1.4. Improving performance by avoiding running unnecessary applications
Every running application uses system resources. Ensuring that there are no unnecessary applications running on your system can significantly improve performance.
- You have root permissions on the system.
Do not run the graphical interface where it is not absolutely required, especially on servers.
Check if the system is configured to boot into the GUI by default:
# systemctl get-default
If the output of the command is
graphical.target, configure the system to boot to text mode:
# systemctl set-default multi-user.target
Unless you are actively using a Mail Transfer Agent (MTA) on the system you are tuning, disable it. If the MTA is required, ensure it is well-tuned or consider moving it to a dedicated machine.
For more information, refer to the MTA’s documentation.Important
MTAs are used to send system-generated messages, which are executed by programs such as
cron. This includes reports generated by logging functions like
logwatch(). You will not be able to receive these messages if the MTAs on your machine are disabled.
Peripheral devices, such as mice, keyboards, webcams send interrupts that may negatively affect latency. If you are not using a graphical interface, remove all unused peripheral devices and disable them.
For more information, refer to the devices' documentation.
Check for automated
cronjobs that might impact performance.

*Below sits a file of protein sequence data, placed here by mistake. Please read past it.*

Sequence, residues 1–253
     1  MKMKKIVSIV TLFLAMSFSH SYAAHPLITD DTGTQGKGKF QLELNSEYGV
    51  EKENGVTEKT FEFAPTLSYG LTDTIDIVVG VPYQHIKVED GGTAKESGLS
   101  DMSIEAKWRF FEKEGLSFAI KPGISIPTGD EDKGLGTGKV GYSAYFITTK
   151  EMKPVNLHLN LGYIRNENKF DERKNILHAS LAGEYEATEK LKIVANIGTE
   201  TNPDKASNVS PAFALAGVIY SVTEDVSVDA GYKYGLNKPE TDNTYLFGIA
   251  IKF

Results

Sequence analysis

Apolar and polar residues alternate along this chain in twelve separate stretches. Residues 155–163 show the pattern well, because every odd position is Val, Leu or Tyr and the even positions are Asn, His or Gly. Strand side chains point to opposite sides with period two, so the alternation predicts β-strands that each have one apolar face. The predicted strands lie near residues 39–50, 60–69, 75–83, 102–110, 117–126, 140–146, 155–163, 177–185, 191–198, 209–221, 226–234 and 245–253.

# crontab -l
crondservice or any unneeded
- Check your system for third-party applications and any components added by external hardware vendors, and remove any that are unnecessary.
1.5. Non-Uniform Memory Access
taskset utility only works on CPU affinity and has no knowledge of other NUMA resources such as memory nodes. If you want to perform process binding in conjunction with NUMA, use the
numactl command instead of
For more information about the NUMA API, see Andi Kleen’s whitepaper An NUMA API for Linux.
1.6. Ensuring that debugfs is mounted
debugfs file system is specially designed for debugging and making information available to users. It is mounted automatically in RHEL 8 in the
debugfs file system is mounted using the
To verify that
debugfs is mounted:
Run the following command:
# mount | grep ^debugfs debugfs on /sys/kernel/debug type debugfs (rw,nosuid,nodev,noexec,relatime,seclabel)
debugfsis mounted, the command displays the mount point and properties for
debugfsis not mounted, the command returns nothing.
1.7. InfiniBand in RHEL for Real Time
InfiniBand is a type of communications architecture often used to increase bandwidth, improve quality of service (QOS), and provide for failover. It can also be used to improve latency by using the Remote Direct Memory Access (RDMA) mechanism.
The support for InfiniBand on RHEL for Real Time is the same as the support available on Red Hat Enterprise Linux 9. For more information, see Configuring InfiniBand and RDMA networks.
1.8. Using RoCEE and High-Performance Networking